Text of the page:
Recession begets family violence

Evidence of the recession’s effect on family violence is piling up. Here’s a rundown.

The NY Timesreports that, in New York’s recession-year court backlog,  “Cases involving charges like assault by family members were up 18 percent statewide.” Philadelphia this year has seen a 67% increase in domestic homicides:

The increase in domestic violence in Philadelphia is mirrored nationally, and experts say it is linked, in part, to the recession. In fact, data indicate that domestic violence had been falling in the 15 years before the recession took hold last year.

Similar news has come in from  Finland and the UK to Danville, VA, Madison, WI and Salt Lake City. Christina Davidson at the Atlantic has a brutal report on accumulating anecdotal evidence, much of it from service providers, that family violence is increasing – even as the economic squeeze makes it harder for women to take the plunge and leave their abusers.

Skeptically, some of this could reflect the entrepreneurial spirit among agencies that respond to domestic violence during an economic crisis that has been hard on all public service budgets. But it is corroborated by what violence, court and crime statistics I can find so far. And I haven’t passed over any reports of decreased family violence.

Some sociologists see a silver lining in the recession for families – “many couples appear to be developing a new appreciation for the economic and social support that marriage can provide in tough times” – based on a misinterpreted dip in divorces. Maybe the recession will end up stalling some divorce filings. But that kind of drop in the divorce rate we don’t need.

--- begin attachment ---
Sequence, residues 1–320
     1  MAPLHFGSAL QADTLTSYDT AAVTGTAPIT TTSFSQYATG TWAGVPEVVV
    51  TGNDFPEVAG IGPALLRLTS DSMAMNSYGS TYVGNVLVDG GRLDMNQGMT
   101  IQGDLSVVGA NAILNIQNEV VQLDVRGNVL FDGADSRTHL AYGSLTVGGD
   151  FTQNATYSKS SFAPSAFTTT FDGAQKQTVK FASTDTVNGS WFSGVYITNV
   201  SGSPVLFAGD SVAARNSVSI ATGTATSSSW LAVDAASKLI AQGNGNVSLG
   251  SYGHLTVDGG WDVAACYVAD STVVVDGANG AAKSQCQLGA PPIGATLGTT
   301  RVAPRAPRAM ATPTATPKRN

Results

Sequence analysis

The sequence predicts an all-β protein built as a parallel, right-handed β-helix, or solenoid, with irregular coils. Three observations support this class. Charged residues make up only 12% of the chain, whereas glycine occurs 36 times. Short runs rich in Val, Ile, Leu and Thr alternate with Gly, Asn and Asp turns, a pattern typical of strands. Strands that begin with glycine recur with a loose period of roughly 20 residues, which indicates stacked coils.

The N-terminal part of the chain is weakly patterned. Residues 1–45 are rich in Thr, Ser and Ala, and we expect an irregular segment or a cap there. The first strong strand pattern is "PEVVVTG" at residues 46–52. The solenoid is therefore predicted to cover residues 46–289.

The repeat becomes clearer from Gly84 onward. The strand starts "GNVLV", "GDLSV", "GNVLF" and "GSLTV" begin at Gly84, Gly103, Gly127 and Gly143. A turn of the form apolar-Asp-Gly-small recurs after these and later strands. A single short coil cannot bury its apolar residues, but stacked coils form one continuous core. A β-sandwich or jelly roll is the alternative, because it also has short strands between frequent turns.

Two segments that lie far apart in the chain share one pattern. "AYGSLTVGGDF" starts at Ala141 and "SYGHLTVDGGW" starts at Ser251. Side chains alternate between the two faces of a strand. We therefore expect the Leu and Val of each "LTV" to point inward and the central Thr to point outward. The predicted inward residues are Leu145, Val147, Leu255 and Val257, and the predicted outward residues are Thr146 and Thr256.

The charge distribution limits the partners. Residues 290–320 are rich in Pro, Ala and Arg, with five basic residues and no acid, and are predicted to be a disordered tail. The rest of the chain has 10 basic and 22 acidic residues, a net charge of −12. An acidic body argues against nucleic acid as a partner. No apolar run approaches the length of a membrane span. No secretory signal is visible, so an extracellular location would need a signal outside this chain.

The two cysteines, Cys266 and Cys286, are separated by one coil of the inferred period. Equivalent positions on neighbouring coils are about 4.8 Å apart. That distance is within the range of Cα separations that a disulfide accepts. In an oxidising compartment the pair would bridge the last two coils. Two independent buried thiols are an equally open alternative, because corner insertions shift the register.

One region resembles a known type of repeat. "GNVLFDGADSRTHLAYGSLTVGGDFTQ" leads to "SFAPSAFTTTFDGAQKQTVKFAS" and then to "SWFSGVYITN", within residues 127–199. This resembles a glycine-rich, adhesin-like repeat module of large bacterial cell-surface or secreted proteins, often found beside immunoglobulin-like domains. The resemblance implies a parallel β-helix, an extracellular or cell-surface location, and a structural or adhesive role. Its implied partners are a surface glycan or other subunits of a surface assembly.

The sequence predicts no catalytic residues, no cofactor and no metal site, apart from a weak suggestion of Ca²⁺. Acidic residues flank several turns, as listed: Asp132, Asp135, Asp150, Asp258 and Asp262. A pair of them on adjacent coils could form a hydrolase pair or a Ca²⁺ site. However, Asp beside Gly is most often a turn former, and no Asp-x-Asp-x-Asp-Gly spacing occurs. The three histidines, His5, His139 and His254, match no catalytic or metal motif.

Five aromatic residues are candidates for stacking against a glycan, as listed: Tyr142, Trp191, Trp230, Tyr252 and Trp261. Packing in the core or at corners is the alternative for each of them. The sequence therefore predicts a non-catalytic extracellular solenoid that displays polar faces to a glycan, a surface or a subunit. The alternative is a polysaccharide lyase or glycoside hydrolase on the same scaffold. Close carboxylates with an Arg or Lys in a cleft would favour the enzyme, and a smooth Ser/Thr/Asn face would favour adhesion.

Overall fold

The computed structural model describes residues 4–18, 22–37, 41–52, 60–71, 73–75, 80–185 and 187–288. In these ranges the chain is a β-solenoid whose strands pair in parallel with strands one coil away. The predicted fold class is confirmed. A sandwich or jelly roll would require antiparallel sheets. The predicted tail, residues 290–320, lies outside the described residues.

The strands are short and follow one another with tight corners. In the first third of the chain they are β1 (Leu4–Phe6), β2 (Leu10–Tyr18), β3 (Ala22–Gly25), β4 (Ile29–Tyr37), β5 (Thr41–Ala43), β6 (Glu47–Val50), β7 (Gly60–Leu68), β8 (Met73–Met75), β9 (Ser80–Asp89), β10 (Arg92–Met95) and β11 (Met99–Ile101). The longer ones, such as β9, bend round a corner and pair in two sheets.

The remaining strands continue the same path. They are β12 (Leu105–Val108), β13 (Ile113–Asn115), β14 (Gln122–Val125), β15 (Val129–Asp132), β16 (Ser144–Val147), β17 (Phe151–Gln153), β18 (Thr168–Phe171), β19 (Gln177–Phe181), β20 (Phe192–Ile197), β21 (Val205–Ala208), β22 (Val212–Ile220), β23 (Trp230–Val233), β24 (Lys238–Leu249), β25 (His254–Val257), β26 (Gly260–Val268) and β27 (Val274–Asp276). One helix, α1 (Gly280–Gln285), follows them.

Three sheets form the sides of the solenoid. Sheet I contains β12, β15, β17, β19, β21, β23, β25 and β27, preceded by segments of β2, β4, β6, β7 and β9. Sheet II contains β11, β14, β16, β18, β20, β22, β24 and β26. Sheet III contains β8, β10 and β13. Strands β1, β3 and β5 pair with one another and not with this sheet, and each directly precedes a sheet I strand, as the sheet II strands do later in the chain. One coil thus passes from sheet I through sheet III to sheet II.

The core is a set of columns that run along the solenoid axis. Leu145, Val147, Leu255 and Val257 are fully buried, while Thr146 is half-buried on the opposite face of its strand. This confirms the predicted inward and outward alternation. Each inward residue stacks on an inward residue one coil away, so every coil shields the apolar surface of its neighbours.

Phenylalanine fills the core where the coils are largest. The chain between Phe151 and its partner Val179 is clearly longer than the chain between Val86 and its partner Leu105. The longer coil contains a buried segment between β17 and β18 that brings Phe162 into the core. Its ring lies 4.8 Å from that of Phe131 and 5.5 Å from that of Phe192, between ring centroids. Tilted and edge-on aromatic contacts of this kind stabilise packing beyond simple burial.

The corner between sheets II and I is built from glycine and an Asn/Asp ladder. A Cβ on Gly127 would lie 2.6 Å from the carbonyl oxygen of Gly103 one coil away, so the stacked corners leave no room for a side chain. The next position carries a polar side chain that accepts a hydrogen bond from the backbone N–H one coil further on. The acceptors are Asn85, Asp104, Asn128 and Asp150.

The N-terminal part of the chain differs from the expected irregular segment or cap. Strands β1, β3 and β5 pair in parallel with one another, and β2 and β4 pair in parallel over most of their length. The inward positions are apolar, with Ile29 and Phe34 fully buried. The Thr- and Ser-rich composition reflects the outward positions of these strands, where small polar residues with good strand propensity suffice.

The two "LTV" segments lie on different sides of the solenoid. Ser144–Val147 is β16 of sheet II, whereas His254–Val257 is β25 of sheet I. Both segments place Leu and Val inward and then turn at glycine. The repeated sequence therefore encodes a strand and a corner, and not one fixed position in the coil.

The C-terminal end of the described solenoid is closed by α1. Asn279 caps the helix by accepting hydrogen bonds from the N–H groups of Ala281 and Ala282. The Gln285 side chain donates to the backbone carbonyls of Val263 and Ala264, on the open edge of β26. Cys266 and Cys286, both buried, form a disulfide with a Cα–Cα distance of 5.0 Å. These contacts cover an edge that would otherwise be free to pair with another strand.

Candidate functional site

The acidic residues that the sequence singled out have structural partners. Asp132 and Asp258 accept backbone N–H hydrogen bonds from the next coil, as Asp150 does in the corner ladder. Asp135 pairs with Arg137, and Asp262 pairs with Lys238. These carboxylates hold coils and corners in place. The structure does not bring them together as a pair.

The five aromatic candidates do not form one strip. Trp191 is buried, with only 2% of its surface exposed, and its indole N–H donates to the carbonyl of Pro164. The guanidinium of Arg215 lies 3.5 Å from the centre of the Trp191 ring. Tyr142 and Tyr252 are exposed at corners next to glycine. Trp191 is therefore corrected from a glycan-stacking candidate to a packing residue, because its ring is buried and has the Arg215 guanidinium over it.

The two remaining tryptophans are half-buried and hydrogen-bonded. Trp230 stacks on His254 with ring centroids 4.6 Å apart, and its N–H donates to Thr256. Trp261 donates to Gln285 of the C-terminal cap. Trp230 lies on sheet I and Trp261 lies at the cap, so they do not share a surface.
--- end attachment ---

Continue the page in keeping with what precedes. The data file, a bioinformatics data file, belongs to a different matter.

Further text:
There was also an earlier wave of this reporting last spring. From Associated Press last April:

Across the country, these and other signs point to another troubling effect of the recession: The American home is becoming more violent, and the ailing economy could be at least partially to blame.

Last May the Mary Kay Foundation reported:

Three out of four domestic violence shelters report an increase in women seeking assistance from abuse since September 2008, a major turning point in the U.S. economy. The survey data directly connects a major reason for the increase in domestic violence to the downturn in the economy.

Of course, many families that make it do so by pulling together in good times and bad. But bad times are bad times. Unemployment increases usually lead to higher rates of violence, and downward turbulence has more bad effects than good.

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